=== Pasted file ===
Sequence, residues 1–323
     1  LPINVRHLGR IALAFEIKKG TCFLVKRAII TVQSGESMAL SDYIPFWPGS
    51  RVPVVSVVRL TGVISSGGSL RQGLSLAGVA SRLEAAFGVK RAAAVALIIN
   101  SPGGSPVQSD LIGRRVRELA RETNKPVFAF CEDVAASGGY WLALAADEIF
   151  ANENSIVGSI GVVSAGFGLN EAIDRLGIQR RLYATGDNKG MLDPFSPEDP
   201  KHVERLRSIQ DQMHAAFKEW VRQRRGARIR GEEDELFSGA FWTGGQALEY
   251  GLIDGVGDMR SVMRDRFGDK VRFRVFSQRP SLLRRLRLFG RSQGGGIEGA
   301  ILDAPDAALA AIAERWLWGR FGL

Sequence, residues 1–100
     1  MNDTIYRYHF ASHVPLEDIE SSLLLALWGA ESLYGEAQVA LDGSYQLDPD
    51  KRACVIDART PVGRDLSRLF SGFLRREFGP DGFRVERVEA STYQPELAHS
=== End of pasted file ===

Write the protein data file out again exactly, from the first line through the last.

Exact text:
Sequence, residues 1–323
     1  LPINVRHLGR IALAFEIKKG TCFLVKRAII TVQSGESMAL SDYIPFWPGS
    51  RVPVVSVVRL TGVISSGGSL RQGLSLAGVA SRLEAAFGVK RAAAVALIIN
   101  SPGGSPVQSD LIGRRVRELA RETNKPVFAF CEDVAASGGY WLALAADEIF
   151  ANENSIVGSI GVVSAGFGLN EAIDRLGIQR RLYATGDNKG MLDPFSPEDP
   201  KHVERLRSIQ DQMHAAFKEW VRQRRGARIR GEEDELFSGA FWTGGQALEY
   251  GLIDGVGDMR SVMRDRFGDK VRFRVFSQRP SLLRRLRLFG RSQGGGIEGA
   301  ILDAPDAALA AIAERWLWGR FGL

Sequence, residues 1–100
     1  MNDTIYRYHF ASHVPLEDIE SSLLLALWGA ESLYGEAQVA LDGSYQLDPD
    51  KRACVIDART PVGRDLSRLF SGFLRREFGP DGFRVERVEA STYQPELAHS